Foundation of Faculty of Science, Huazhong University of Science
and Technology. We also thank the Analytical and Testing
Center, Huazhong University of Science and Technology, for the
spectroscopic analysis of the catalyst.
40
20
0
100
200
300
400
500
600
700
Temperature (°C)
Figure 2. TGA curves for Phen–NH–PS and CuI/Phen–NH–PS.
The contents of Cu, C, H and N in the CuCl/Phen-PS catalyst
were 8.33, 62.80, 4.28 and 5.51%, respectively, as determined
by AAS and EA. The concentrations of the active constituent Cu
8.33
(CCu = 63.55
× 100 ) and the ligand NH2 –Phen (CNH2 −Phen =
5.51
14.00 × 3 × 100 ) in the CuI/Phen–NH–PS catalyst were 1.31 and
1.31 mmol g−1 . Therefore, the molar ratio of Cu : NH2 -Phen in this
solid catalyst was 1 : 1. Taking into account the XPS and FTIR data,
the schematic model of the CuI/Phen–NH–PS catalyst proposed
in Scheme 1 would be reasonable.
In order to confirm the thermal stability of CuI/Phen–NH–PS
in reaction conditions, the TGA curves for Phen–NH–PS and
CuI/Phen–NH–PS are shown in Fig. 2. It was found that both
Phen–NH–PS and CuI/Phen–NH–PS are very stable even at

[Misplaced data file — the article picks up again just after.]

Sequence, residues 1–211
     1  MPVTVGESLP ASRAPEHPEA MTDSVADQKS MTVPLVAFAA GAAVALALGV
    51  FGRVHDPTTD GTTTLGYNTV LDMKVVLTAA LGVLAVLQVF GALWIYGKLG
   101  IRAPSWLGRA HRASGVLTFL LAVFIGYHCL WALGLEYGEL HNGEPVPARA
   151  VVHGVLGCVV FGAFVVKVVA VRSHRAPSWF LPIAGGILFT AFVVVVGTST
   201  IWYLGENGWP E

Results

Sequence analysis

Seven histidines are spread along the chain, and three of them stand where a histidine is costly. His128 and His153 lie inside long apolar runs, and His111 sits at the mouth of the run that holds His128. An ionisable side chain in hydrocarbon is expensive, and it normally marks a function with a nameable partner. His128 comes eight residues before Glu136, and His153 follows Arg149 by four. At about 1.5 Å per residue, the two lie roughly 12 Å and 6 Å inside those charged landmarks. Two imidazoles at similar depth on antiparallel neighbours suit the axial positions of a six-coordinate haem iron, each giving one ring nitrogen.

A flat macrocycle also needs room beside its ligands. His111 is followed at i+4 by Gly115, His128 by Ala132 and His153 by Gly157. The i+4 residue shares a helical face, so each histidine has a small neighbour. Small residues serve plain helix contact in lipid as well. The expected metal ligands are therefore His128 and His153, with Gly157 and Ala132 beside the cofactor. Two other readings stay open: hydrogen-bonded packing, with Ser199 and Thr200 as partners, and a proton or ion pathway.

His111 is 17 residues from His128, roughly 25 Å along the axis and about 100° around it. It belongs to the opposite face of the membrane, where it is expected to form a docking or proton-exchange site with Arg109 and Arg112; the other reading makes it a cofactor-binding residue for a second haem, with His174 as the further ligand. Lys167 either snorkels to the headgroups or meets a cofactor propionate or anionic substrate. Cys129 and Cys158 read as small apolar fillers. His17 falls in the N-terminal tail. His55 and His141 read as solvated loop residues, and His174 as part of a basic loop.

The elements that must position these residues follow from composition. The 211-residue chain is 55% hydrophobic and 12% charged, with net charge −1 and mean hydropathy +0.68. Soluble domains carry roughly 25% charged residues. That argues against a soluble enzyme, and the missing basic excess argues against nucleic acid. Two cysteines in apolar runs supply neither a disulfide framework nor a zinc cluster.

high temperatures. The thermal degradation of CuI/Phen–NH–PS
started at about 300 ◦ C. This means that the CuI/Phen–NH–PS
catalyst is stable at the reaction temperature in oxidative
carbonylation of methanol.
Conclusion
The catalytic properties of CuXn /N-ligands catalytic systems in
oxidative carbonylation of methanol were investigated. The results
indicated that the interaction of iodine anion, Phen and Cu
(I) could dramatically enhance the catalytic activity in the coppercatalyzed oxidative carbonylation of methanol. When the efficient
catalyst CuI/Phen was immobilized on polystyrene by grafting,
the heterogenized catalyst CuI/Phen–NH–PS also showed high
catalytic activity, long lifetime, easy separation as well as low